My main concern is whether I can drill through and get a decent fixing without hitting other nails, rivits or drift bolts.

    All thoughts welcomed & considered. I have tried to upload some pics but am not having much luck atm.. I shall perciver, so watch this space
    Confirm how it is currently fastened. If it can be driven off with careful application of force perhaps using folding wedges, which will confirm that it is fixed with dumps you can then refix it using dumps of a larger diameter, about 1/8" max larger should do it into the same holes (which should go through into the frame futtocks). Alternatively use coach screws of root diameter the same size as the hole left by the dump, you will have to counterbore for the plank and head though.
    As Ian advises, be on the look out for rot, which may be why the fastenings let go in the first place. Then again it might just be that the galvo repair nails have rusted out and failed. Try to avoid making more holes, as each one weakens the plank. If you do have to plug and drill again, aim for the sister futtock to the one originally used. Scraping the plank clean will tell you where the plank fastenings are so you can plan any new holes.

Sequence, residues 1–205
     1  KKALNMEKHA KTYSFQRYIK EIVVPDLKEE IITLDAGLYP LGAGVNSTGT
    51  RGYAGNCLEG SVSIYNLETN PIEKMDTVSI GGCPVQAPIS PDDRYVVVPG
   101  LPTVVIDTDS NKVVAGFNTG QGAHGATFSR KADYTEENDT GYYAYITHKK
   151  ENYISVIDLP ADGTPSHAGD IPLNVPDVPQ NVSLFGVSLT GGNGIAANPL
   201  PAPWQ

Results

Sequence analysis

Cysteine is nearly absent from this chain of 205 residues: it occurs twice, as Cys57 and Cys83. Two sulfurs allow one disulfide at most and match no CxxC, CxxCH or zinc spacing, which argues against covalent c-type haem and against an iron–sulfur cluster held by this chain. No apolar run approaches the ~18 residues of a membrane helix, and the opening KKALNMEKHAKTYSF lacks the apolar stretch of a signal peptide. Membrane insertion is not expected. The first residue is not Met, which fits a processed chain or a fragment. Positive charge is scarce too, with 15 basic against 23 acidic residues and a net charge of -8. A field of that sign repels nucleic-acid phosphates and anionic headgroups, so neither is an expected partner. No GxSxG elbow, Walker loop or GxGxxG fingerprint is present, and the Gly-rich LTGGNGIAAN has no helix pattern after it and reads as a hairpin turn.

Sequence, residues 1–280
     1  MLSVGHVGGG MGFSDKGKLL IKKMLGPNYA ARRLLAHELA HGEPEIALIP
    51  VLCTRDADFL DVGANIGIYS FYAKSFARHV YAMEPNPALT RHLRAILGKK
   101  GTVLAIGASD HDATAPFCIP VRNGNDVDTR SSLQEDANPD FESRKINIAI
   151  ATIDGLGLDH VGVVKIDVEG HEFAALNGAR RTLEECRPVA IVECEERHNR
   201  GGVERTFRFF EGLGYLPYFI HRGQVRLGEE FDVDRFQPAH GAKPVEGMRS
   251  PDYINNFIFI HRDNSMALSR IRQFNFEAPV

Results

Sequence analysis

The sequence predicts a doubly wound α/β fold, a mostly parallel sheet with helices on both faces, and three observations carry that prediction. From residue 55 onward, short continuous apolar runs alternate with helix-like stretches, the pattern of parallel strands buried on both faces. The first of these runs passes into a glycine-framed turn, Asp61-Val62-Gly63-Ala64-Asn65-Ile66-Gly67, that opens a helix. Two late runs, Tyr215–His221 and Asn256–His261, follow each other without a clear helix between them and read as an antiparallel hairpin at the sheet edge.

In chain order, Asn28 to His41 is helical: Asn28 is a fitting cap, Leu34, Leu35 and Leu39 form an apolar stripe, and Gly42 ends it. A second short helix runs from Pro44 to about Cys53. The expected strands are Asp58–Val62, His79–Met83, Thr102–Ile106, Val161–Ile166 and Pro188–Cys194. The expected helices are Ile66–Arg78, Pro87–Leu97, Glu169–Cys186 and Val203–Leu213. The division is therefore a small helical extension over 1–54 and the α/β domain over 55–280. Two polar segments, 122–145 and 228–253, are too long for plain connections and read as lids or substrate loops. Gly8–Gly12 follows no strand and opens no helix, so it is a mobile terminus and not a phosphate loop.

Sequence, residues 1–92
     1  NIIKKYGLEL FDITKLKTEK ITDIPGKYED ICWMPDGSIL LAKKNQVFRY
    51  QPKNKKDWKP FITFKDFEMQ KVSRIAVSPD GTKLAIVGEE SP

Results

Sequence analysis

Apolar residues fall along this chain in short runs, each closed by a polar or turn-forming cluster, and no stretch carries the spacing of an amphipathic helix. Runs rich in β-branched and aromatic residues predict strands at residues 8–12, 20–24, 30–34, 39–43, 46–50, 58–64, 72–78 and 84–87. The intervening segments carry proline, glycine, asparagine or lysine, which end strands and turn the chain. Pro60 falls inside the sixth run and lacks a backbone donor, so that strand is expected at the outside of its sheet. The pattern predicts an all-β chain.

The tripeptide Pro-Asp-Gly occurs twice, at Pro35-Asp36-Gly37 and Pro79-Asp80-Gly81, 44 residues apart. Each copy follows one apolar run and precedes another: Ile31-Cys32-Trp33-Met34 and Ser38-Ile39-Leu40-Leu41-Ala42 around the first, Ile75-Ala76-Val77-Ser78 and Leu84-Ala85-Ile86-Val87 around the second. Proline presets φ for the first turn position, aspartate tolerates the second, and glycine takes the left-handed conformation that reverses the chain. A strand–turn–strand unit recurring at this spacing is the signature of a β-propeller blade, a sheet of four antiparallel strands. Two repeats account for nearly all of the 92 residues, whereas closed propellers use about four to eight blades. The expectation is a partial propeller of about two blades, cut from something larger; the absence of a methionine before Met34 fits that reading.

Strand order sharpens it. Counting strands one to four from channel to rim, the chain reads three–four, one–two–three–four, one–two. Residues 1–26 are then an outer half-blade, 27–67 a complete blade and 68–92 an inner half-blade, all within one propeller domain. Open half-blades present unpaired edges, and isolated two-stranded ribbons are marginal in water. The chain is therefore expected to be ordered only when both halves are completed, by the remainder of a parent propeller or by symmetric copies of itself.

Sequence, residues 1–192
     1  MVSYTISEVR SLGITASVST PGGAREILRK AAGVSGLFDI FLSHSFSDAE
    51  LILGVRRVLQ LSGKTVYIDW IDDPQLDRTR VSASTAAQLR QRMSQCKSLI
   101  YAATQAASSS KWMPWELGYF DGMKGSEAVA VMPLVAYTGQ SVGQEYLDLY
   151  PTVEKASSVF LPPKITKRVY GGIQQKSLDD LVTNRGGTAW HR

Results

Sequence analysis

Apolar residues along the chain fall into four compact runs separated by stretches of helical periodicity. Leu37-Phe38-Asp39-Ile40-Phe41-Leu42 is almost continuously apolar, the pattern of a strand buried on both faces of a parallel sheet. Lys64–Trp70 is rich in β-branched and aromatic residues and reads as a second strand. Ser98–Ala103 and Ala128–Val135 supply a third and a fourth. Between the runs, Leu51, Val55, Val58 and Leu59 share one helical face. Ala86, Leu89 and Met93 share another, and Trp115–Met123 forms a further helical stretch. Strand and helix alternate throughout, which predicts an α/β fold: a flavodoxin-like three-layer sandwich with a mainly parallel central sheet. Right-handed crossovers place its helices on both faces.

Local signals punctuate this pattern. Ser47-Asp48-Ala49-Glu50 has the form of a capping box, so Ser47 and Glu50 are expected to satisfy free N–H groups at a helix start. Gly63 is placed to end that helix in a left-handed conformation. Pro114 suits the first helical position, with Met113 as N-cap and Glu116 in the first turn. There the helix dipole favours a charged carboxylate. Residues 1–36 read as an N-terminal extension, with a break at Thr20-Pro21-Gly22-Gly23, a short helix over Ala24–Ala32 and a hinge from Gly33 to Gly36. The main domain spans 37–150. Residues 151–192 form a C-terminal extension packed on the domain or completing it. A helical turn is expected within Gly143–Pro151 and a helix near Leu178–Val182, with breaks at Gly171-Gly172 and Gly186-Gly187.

It really is quite difficult to build an ugly wooden boat.

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    Default Re: MFV wooden bilge keel repair

    Quote Originally Posted by Topknotrob View Post
    Hey Dody. Would a bolt through the keel, plank and frame not be a stronger fixing?
    stronger for sure, how is it done now?

  24. #24
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    Default Re: MFV wooden bilge keel repair